EVEN though he lost a split 12-round decision to marginal heavyweight belt-holder Trevor Bryan, Jonathan Guidry won the heart of the near-capacity crowd at the Packard Music Hall for his unexpectedly strong showing against the highly favoured Bryan. Standing 6ft 4ins Bryan towered over 5ft 11ins Guidry, whose podgy midsection didn’t exactly instill confidence. Nonetheless, he celebrated after the decision was announced as if he had had won, climbing the ropes in all four corners of the ring to enthusiastic applause.

The 32-year-old Bryan’s fight plan was to advance behind a powerful-looking left jab, but several times each round Guidry would leap forward, fire a combination and then escape before his cumbersome adversary could answer.

Bryan began to connect with his thudding jab in the third, but when Guidry held his own in a frenzied exchange in the fourth, the crowd went wild.

Schenectady, New York’s Bryan continued to attack in the fifth, and although Guidry punched back, his opponent’s harder blows carried the round. There was another exciting exchange in the sixth, but this time Guidry gave as good as he got and closed the round with series of body punches.

Guidry, from Houma, Louisiana, started slowly in the seventh but again mounted a two-handed body attack the last minute to offset Bryan’s modest earlier work. Both boxers scored in the eighth but Bryan’s heavier blows won the round for him.

The ninth was the last round Guidry won. Bryan connected with heavy head punches early on, and then Guidry landed his own right to the head near the bell that clearly rocked Bryan. It was Guidry’s best punch of the fight, but he was fading and didn’t appear to have much left.

With a weary adversary in front of him, Bryan swept the final three rounds, sending home thudding punches Guidry could no longer avoid. As the bout drew to a close in the 12th round, Trevor unloaded a volley of headshots that culminated with a crunching right to the head that sent Guidry to the canvas. He managed to beat referee Lonnie Scott’s count a few second before the final bell.

“Trevor Bryan is here to stay,” said Bryan. “I showed that tonight. I am only going to get better and keep improving my skills. I worked until the final bell.”

“It was a close fight. We only trained for four weeks for this fight. I want another shot at it,” Guidry said. “If I get in a little bit better shape, I’ll put on a better show. It was heartbreaking. If I had a little bit more gas in the tank, I could have gotten him.”

Judge Steve Weisfeld scored the fight 115-113 in Guidry’s favor, while judges Brian Kenney and Nathan Palmer had it 116-111 and 115-113, respectively, both for Bryan.

Ilunga “Junior” Makabu won a 12-round split decision over Thabiso Mchunu in the chief supporting bout. The African cruiserweights were by far the most skilled boxer on the show. Makabu, from the Democratic Republic of the Congo, had a small but loud delegation of flag-waving Congolese fans on hand to cheer, sing and chant him to victory.

The fight followed the same pattern throughout. Makabu moved forward looking for punching opportunities, while South African Mchunu countered. Mchunu is a good defensive boxer but has a tendency to cuff with his punches instead pronating his fist for greater impact.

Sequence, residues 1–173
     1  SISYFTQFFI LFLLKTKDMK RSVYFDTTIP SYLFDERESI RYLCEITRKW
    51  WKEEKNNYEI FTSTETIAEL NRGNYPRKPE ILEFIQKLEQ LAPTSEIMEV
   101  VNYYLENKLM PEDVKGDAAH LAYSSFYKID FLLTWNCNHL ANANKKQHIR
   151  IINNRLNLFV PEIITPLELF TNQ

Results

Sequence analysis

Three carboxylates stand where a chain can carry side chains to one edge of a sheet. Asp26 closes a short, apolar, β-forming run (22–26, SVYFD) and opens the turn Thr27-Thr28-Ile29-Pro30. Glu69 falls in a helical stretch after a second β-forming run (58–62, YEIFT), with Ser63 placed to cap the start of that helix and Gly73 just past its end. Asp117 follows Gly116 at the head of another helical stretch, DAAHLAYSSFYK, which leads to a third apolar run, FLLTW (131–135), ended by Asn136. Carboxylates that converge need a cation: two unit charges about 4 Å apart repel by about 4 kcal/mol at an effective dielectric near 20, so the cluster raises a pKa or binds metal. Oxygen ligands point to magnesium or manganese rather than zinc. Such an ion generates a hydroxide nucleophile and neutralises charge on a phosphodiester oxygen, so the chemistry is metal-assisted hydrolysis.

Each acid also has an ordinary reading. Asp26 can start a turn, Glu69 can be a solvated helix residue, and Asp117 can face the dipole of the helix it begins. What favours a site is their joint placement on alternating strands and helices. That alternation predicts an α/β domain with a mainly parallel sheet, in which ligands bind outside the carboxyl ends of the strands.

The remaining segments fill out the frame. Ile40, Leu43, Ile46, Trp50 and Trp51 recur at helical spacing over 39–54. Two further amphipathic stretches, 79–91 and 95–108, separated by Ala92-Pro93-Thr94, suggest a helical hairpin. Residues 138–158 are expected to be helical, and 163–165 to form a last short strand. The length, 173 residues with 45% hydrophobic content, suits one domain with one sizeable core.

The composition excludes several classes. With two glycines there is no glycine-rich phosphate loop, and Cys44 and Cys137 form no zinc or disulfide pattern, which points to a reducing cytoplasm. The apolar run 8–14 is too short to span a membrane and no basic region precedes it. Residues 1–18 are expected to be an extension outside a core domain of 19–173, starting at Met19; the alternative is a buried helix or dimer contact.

Although it seemed southpaw Makabu had his foe in trouble in the third, which momentarily enthralled his supporters, Mchunu managed to elude further punishment and never seemed in serious trouble again.

Makabu was still forcing the fight when Mchunu jolted his head back with a pair of uppercuts in the seventh. Makabu regained control in the eighth, landing jabs and body blows. Mchunu had another decent round in the 10th round, boxing well and countering in quick flurries.

It was back to stalking and landing stiff southpaw jabs for Makabu in the 11th, while neither man did much of anything in the 12th.

Harvey Dock was the referee.

Judge Jamie Garayua scored the fight 116-112 for Makabu, Nathan Palmer had a 115-113 tally also for Makabu. As in the main event, Steve Weisfeld was again the contrarian and voted 115-113 for Mchunu. Makabu and Mchunu retain their third and fourth world rankings.

Left-handed Johnnie Langston, from Sarasota, Florida, stopped Baltimore’s Nick Kisner at 1-40 of the fifth round of a scheduled 10-round cruiserweight match. A rather stationary Kisner was knocked down three times in the fifth. The first and second knockdowns were the result of right hooks to he body. A finishing flurry put Kisner down again and referee George Nichols stopped the fight.

Don King did not make an appearance until right before the main event. The 90-year-old promoter looked frail and seemed to be having difficulty waving his trademark flags. It also seemed he was unable to hold his head fully erect. Although the media panned the show, it didn’t turn out to be as bad as expected. Moreover, when arriving about 45 minutes before first bell, it was quite a shock to see the car-parking area already overcrowded. The temperature outside was in single digits, but it didn’t discourage the locals from turning out for a night of boxing.

THE VERDICT Was this Don King’s last promotion? Despite the rumours, odds are he’ll keep going until he can’t go no more.

THOUGH Bryan might have other ideas, the WBA have ordered that he begin negotiations with their mandatory contender, the Frank Warren-promoted Daniel Dubois, immediately, with the bout to be staged within 180 days of January 29.